- PublicationAccès libreGenome-wide association study of dietary pattern scores(MDPI, 2017-06-23) Guénard, Frédéric; Bouchard-Mercier, Annie; Rudkowska, Iwona; Lemieux, Simone; Vohl, Marie-Claude; Couture, PatrickDietary patterns, representing global food supplies rather than specific nutrients or food intakes, have been associated with cardiovascular disease (CVD) incidence and mortality. The contribution of genetic factors in the determination of food intakes, preferences and dietary patterns has been previously established. The current study aimed to identify novel genetic factors associated with reported dietary pattern scores. Reported dietary patterns scores were derived from reported dietary intakes for the preceding month and were obtained through a food frequency questionnaire and genome-wide association study (GWAS) conducted in a study sample of 141 individuals. Reported Prudent and Western dietary patterns demonstrated nominal associations (p < 1 × 10−5) with 78 and 27 single nucleotide polymorphisms (SNPs), respectively. Among these, SNPs annotated to genes previously associated with neurological disorders, CVD risk factors and obesity were identified. Further assessment of SNPs demonstrated an impact on gene expression levels in blood for SNPs located within/near BCKDHB (p = 0.02) and the hypothalamic glucosensor PFKFB3 (p = 0.0004) genes, potentially mediated through an impact on the binding of transcription factors (TFs). Overrepresentations of glucose/energy homeostasis and hormone response TFs were also observed from SNP-surrounding sequences. Results from the current GWAS study suggest an interplay of genes involved in the metabolic response to dietary patterns on obesity, glucose metabolism and food-induced response in the brain in the adoption of dietary patterns.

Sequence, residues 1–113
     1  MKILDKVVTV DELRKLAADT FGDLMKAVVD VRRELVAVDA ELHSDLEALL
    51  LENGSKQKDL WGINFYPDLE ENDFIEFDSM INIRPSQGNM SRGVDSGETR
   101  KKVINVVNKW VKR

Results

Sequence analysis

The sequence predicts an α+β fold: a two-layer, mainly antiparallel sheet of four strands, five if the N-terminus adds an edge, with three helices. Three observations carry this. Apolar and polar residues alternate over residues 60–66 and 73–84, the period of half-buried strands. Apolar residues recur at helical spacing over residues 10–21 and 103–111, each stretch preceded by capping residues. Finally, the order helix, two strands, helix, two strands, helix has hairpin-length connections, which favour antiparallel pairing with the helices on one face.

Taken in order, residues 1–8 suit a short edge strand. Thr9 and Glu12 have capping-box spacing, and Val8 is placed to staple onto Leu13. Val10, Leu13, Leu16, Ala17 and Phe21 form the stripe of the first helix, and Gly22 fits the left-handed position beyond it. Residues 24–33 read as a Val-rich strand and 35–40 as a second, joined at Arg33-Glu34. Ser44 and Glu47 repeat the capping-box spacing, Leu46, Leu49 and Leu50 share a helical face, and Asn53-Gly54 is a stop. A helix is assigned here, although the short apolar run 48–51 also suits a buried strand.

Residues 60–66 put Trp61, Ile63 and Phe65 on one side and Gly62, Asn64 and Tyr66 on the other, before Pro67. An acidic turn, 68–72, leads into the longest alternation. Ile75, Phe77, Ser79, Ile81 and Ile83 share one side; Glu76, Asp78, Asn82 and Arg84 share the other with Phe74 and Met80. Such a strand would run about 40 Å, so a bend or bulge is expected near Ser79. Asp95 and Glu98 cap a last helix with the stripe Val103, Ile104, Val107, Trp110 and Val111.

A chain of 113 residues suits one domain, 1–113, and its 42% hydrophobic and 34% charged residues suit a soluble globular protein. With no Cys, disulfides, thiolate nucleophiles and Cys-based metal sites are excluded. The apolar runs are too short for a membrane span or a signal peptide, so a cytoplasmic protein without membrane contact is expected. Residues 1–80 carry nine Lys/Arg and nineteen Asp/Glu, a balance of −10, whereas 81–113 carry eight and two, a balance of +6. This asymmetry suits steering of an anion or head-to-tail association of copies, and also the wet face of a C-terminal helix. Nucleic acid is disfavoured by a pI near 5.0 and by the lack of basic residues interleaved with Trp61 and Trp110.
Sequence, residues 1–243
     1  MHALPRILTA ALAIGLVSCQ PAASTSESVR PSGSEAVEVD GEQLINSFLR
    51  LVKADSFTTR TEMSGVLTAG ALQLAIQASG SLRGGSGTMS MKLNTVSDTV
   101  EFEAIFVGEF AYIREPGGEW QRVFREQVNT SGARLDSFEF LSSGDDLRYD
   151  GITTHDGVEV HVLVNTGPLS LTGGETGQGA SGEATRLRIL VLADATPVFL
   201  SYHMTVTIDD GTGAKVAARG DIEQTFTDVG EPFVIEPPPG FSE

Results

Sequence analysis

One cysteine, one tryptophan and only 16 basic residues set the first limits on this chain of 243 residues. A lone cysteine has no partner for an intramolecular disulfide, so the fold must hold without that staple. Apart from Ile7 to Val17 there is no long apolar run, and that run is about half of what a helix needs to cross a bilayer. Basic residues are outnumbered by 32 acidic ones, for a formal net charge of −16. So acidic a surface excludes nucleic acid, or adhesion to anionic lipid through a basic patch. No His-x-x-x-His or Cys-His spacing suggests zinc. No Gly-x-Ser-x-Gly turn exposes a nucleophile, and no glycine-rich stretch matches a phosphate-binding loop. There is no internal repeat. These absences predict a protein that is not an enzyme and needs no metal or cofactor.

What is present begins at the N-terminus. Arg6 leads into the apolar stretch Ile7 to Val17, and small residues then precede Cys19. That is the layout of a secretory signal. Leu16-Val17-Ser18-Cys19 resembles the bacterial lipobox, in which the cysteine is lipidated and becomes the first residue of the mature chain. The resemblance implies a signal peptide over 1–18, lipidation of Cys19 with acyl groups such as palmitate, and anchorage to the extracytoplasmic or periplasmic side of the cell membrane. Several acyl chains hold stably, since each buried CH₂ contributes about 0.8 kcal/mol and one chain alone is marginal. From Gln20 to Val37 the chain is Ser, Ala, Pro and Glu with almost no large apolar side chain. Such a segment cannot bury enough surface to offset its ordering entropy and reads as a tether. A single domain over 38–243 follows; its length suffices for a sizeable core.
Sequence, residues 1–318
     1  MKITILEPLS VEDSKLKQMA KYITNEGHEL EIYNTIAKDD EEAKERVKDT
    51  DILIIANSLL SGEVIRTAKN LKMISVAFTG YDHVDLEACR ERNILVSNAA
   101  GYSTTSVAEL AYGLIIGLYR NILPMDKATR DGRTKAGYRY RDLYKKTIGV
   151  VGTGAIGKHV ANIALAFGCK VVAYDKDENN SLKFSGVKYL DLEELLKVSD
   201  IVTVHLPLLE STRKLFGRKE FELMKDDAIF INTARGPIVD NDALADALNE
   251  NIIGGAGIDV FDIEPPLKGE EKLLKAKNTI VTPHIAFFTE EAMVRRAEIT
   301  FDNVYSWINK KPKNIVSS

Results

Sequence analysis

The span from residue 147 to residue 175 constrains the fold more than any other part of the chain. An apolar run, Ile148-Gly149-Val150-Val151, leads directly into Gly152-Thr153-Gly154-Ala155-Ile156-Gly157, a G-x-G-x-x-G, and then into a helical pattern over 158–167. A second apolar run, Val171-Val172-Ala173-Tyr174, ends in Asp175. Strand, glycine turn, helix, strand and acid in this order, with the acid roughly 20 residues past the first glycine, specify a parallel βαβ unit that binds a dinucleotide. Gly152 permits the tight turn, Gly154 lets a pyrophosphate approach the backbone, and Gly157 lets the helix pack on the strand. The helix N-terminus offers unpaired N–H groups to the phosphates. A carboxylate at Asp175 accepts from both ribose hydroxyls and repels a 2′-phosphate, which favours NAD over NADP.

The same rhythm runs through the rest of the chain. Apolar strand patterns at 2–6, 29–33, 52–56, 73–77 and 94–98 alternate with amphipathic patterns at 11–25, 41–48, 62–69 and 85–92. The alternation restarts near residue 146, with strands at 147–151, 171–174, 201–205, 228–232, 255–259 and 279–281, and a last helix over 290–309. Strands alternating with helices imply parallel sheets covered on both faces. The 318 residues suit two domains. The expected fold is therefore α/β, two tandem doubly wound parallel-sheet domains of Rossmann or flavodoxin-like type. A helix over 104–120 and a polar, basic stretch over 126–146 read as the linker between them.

- PublicationAccès libreGenetic risk prediction of the plasma triglyceride response to independent supplementations with eicosapentaenoic and docosahexaenoic acids : the 2 ComparED study(BioMed Central Ltd., 2020-06-15) Guénard, Frédéric; Vallée-Marcotte, Bastien; Toro Martin, Juan de; Lamarche, Benoît; Allaire, Janie; Vohl, Marie-Claude; Couture, PatrickBackground : We previously built a genetic risk score (GRS) highly predictive of the plasma triglyceride (TG) response to an omega-3 fatty acid (n-3 FA) supplementation from marine sources. The objective of the present study was to test the potential of this GRS to predict the plasma TG responsiveness to supplementation with either eicosapentaenoic (EPA) or docosahexaenoic (DHA) acids in the Comparing EPA to DHA (ComparED) Study. Methods : The ComparED Study is a double-blind, controlled, crossover trial, with participants randomized to three supplemented phases of 10 weeks each: (1) 2.7 g/day of DHA, (2) 2.7 g/day of EPA, and (3) 3 g/day of corn oil (control), separated by 9-week washouts. The 31 SNPs used to build the previous GRS were genotyped in 122 participants of the ComparED Study using TaqMan technology. The GRS for each participant was computed by summing the number of rare alleles. Ordinal and binary logistic models, adjusted for age, sex, and body mass index, were used to calculate the ability of the GRS to predict TG responsiveness. Results : The GRS predicted TG responsiveness to EPA supplementation (p = 0.006), and a trend was observed for DHA supplementation (p = 0.08). The exclusion of participants with neutral TG responsiveness clarified the association patterns and the predictive capability of the GRS (EPA, p = 0.0003, DHA p = 0.01). Conclusion : Results of the present study suggest that the constructed GRS is a good predictor of the plasma TG response to supplementation with either DHA or EPA.